In 2020, Guterres “delisted” the coalition led by Saudi and United Arab Emirates for killing and maiming children in Yemen, as well as Myanmar’s army for recruiting and using child soldiers.
Yet each was responsible for hundreds of violations the previous year, according to the report.
Jo Becker, Advocacy Director, Children’s Rights Division at Human Rights Watch (HRW), told IPS that Guterres has been reluctant to hold all perpetrators to account since he first took office about four years ago.
Asked whether Guterres is paying politics in a year he is seeking re-election, Becker said: “So his failure to list all perpetrators is definitely not just an issue of this being an “election year.”
She said the UN Security Council first requested the annual list, and over the past two decades, has carefully created the UN’s framework for children and armed conflict.
As the architects of the agenda, they should insist that the Secretary-General ensure it functions as it was intended, and that he list all perpetrators, without exception, Becker declared.
But without an accurate list, the UN’s children and armed conflict framework is seriously undermined. The experts urged the secretary-general to change his approach and list all perpetrators “without fear or favor.”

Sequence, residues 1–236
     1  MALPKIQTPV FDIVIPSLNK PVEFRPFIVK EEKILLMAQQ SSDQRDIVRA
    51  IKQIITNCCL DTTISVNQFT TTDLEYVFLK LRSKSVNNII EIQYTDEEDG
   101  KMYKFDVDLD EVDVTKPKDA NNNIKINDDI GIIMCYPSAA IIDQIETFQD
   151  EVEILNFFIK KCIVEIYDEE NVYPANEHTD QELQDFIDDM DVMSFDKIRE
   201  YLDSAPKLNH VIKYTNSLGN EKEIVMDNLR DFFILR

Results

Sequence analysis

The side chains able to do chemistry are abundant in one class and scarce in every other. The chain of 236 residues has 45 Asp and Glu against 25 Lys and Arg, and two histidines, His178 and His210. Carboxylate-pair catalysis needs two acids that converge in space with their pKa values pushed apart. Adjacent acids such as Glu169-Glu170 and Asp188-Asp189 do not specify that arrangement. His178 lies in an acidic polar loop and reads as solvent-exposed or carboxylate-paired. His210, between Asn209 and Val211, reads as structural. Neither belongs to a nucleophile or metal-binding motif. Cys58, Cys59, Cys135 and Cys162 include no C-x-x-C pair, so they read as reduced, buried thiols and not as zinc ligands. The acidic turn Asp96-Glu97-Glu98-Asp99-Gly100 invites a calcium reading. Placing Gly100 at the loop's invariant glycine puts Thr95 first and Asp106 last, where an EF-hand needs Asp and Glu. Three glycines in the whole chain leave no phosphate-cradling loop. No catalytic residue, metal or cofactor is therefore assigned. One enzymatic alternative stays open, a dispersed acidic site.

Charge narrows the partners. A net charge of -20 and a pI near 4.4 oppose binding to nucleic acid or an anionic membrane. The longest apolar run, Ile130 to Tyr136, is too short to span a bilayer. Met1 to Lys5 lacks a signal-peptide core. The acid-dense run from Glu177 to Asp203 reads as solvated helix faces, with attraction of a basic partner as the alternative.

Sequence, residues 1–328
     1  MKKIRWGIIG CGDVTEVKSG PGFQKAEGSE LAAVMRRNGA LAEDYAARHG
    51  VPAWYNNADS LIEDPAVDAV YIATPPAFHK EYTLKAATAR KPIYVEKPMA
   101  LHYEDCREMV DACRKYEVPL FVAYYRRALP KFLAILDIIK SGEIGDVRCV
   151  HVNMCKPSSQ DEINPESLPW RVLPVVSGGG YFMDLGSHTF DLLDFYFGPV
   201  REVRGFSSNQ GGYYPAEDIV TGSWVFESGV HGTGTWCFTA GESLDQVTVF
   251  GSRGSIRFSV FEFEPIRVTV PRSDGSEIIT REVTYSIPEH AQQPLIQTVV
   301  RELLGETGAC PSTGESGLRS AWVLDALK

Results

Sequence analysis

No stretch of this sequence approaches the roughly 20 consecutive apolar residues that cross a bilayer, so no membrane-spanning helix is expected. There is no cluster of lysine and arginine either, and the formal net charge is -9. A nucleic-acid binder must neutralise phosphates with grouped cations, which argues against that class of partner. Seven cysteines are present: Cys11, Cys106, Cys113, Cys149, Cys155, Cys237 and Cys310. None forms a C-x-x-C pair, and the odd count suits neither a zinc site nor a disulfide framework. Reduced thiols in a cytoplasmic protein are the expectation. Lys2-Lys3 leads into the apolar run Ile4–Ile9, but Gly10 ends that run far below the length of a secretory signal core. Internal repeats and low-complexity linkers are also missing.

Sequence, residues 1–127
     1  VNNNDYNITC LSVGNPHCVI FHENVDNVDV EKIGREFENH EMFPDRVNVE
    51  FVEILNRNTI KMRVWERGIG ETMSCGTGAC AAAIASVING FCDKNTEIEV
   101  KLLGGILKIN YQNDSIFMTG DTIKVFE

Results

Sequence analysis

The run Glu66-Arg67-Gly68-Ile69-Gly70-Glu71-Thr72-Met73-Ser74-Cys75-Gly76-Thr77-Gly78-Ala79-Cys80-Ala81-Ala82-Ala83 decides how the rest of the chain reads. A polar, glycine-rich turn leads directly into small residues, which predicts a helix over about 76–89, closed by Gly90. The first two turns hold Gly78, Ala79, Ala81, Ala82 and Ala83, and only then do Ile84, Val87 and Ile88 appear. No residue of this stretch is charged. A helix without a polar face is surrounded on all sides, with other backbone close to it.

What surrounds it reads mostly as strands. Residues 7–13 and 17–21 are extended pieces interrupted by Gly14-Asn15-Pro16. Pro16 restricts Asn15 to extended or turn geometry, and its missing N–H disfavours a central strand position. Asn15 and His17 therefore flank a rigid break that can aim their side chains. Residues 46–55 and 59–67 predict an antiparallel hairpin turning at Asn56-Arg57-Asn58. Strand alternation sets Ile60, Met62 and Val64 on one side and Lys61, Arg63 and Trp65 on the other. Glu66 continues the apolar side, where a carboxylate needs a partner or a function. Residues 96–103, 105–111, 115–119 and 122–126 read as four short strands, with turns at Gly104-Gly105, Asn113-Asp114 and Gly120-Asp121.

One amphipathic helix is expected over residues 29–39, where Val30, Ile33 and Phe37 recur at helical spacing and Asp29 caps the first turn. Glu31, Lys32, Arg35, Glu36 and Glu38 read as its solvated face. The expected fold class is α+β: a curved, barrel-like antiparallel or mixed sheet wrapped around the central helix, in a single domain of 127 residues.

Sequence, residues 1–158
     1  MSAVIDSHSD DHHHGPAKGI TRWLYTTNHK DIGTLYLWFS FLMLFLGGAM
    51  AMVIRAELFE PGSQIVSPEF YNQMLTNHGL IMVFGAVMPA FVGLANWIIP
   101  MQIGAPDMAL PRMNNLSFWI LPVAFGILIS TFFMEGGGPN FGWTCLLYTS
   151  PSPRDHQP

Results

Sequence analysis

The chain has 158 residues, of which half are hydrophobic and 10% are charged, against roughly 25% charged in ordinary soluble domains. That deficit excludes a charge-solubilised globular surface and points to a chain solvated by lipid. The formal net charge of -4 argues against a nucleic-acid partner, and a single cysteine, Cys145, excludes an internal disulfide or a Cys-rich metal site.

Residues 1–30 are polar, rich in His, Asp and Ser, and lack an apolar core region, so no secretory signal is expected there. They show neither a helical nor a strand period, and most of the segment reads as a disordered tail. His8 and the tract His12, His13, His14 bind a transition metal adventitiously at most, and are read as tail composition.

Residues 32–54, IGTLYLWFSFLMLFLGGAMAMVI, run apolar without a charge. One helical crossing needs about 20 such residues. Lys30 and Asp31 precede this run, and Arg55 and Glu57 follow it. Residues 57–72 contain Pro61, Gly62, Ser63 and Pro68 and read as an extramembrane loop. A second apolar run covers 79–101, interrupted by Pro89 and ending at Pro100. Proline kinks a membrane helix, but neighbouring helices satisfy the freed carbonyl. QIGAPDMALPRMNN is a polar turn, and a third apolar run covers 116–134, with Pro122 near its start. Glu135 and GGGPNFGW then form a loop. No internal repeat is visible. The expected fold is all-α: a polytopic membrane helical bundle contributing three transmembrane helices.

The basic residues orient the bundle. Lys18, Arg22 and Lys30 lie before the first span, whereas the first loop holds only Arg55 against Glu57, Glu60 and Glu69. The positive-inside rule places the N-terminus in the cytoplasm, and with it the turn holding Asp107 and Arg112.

Without such action, they warn, children will be put at even greater risk, said HRW. “The secretary-general should take the experts’ recommendations to heart and put the protection of children first”.
Mouin Rabbani, Senior Fellow with the Institute for Palestine Studies and Co-Editor, Jadaliyya, an independent ezine produced by the Arab Studies Institute, told IPS it doesn’t take more than a passing glance at the list of perpetrators included in, and excluded from the list, to understand that these assessments are not the product of a rigorous examination of the evidence, and thus do not represent the conclusions of an appropriately professional process.
“It seems to me indisputable that political factors are in play. In part this consists of the traditional deference to the powerful and their clients, which is compensated for with sanctimonious outrage – which would otherwise be justified – against the weak and marginalized”.